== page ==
I'm just about to install a floating floor in a new house. One of the
problems I have is the need to leave an expansion gap between the boards and
the skirts which is normally concelled by a beading strip.
The carper layer advised me that there is a tool that can cut the bottom
off skirting boards allowing the floating floor to be set underneath with
the expansion gap hidden.
Does anyone know what these are called, and a product/brand name?
See the link I've posted in another message.
Personally, I prefer removing the trim, installing the floor with a
gap, and replacing the trim. I usually undercut door jambs with a
hand saw and scrap of flooring.
Modern homes have such small baseboards to start with, they don't need
to get any shorter. <G> Nails can be reused if care is used pulling
the baseboards. Fill the holes with an appropriately colored filler
On my personal home, I usually install new, nicer, hardwood baseboard,
shoe, and cap moldings when installing a hardwood floor.
Sounds like he is referring to a power jam saw, available at most rental
shops. kind of an abortion router/saw affair. Seems like a pretty drastic
measure. I guess I am missing something though. Normal practice is to remove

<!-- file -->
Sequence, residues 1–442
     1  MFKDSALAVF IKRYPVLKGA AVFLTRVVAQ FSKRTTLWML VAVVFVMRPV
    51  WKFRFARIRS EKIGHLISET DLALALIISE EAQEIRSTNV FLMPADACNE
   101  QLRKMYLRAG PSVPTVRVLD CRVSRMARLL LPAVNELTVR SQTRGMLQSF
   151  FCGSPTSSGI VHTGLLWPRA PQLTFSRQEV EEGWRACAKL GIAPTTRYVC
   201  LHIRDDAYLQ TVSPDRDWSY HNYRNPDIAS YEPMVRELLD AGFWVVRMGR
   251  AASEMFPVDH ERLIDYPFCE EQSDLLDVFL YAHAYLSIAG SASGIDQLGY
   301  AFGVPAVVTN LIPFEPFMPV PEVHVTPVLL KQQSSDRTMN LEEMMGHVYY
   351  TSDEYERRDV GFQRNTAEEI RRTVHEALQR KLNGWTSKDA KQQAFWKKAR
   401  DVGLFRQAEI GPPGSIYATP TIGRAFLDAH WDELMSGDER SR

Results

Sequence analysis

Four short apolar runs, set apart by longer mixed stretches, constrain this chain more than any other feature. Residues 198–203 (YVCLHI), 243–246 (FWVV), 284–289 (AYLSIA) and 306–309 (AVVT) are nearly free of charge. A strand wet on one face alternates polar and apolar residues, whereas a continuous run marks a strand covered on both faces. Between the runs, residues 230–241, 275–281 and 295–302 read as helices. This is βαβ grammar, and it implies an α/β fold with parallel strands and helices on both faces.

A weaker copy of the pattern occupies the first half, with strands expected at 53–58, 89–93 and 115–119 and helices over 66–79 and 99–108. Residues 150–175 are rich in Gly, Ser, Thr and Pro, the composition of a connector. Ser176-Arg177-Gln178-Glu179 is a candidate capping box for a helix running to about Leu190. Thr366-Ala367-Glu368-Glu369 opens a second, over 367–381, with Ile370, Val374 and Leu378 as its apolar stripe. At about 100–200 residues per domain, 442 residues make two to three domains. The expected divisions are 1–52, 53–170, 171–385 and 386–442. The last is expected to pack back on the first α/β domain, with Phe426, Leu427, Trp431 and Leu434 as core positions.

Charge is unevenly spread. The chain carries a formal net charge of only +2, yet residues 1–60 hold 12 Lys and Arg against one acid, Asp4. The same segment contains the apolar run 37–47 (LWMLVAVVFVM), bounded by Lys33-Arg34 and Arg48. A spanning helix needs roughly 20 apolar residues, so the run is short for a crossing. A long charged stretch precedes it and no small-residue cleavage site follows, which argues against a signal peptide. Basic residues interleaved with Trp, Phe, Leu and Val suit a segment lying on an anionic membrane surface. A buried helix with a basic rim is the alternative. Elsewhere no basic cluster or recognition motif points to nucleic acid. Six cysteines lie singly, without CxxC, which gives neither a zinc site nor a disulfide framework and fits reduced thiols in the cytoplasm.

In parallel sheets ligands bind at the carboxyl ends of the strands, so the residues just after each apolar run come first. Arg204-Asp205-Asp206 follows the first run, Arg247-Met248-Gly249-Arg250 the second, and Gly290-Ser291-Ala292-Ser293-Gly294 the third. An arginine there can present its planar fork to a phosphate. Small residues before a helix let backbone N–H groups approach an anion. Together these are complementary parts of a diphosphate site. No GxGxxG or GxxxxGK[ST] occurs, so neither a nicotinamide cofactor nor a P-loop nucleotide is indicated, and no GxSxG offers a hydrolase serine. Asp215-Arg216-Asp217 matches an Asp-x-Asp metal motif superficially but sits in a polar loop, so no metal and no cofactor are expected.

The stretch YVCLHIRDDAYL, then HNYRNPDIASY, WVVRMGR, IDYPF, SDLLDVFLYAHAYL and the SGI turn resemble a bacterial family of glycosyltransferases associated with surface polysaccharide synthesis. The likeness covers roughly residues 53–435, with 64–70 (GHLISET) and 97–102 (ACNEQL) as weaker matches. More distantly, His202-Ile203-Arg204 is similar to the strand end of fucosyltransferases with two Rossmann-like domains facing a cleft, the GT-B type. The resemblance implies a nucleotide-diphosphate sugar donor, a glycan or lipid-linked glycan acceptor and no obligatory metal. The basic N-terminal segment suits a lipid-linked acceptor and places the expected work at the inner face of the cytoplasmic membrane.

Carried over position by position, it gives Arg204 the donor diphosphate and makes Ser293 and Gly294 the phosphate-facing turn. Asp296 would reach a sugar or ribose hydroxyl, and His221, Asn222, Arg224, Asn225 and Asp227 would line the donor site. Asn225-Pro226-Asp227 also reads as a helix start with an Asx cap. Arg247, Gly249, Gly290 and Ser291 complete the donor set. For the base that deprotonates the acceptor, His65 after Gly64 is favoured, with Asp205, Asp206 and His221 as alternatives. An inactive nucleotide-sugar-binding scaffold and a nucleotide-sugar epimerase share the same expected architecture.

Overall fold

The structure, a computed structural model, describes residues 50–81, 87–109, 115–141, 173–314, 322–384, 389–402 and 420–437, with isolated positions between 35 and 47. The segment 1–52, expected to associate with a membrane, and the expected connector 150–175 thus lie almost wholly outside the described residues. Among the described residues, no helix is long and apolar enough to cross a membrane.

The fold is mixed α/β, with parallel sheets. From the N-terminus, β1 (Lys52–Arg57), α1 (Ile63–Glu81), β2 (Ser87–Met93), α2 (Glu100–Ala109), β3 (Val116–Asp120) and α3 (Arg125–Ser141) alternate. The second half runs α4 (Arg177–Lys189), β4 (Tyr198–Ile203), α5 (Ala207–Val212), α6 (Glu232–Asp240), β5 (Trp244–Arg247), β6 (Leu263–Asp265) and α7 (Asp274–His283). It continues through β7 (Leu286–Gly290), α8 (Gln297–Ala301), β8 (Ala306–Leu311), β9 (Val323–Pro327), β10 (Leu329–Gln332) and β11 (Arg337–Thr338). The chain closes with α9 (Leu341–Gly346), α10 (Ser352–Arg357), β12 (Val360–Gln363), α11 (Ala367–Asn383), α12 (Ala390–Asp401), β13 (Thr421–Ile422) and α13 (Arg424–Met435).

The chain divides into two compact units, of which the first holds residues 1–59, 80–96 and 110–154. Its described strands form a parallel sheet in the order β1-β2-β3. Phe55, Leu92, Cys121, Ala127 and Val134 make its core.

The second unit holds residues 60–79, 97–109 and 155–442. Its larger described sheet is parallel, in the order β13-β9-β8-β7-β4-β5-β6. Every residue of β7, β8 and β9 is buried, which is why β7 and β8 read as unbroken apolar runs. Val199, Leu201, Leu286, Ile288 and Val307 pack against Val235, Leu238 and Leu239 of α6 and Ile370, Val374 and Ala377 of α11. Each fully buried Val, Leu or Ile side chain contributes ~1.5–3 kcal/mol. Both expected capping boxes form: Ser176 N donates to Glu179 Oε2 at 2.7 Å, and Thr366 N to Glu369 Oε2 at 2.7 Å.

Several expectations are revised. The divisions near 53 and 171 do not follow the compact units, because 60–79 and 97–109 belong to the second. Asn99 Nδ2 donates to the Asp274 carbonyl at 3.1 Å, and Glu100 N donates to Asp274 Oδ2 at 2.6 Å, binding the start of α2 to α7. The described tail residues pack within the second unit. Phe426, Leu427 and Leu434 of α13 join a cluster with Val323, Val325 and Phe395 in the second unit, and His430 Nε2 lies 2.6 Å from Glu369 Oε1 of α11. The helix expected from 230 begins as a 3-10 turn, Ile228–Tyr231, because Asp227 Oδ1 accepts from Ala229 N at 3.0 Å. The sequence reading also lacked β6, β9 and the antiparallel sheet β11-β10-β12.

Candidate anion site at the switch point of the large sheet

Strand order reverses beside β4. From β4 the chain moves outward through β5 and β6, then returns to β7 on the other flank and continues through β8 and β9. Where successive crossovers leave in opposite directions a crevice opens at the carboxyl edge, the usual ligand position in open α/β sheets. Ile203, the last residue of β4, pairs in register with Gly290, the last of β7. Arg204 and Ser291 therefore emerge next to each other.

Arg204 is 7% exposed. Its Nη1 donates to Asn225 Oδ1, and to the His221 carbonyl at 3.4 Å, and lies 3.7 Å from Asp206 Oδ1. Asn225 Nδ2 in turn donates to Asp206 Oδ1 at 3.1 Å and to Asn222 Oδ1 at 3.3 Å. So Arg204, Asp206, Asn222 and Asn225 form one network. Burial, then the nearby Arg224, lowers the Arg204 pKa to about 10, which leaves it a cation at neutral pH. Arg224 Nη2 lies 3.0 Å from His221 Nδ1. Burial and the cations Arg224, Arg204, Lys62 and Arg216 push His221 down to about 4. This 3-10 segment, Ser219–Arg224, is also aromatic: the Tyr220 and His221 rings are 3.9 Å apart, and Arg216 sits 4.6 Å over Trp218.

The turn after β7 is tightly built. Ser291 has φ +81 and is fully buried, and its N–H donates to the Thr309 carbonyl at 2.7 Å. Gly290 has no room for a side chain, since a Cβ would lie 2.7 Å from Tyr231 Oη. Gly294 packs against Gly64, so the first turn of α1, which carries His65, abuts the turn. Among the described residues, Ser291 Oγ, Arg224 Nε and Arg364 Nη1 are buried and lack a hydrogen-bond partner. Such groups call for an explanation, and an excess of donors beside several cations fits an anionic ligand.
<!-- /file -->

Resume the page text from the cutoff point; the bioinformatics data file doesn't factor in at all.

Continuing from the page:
the baseboard trim before installing the floor and then undercut the jams
with a handsaw and a scrap of the flooring material for a guide as Barry
suggested. I would have to think installing the flooring and trying to slide
it into a recess cut into the trim would rapidly become a nightmare. Is
there something preventing you from removing the baseboard?
removing the skirts and handcutting the jambs etc with a handsaw makes
sense, however the whole lot is freshly painted and I'm not keen on
repainting the 100m of boards/walls again (I hate painting).
Notwithstanding the skirts are fairly low, the jamb saw looks good.
If you do go with the jamb saw, you'll still need to clean up the corners.
Also, you'd better check the floor and the base moulding for level. If you
have a dip in the floor, you'll see it in the cut on the base moulding. Good
Had a chat to the floor layers (installers?).
Their advise was don't do it unless you are sure the floor is dead level. I
know mine isn't as I could see water puddle when it rained not long after
the slab was poured. a 1-2mm gap between the skirts and floor boards can
look just as bad as beading.
Maybe in the next house, which wil be 20 years out.
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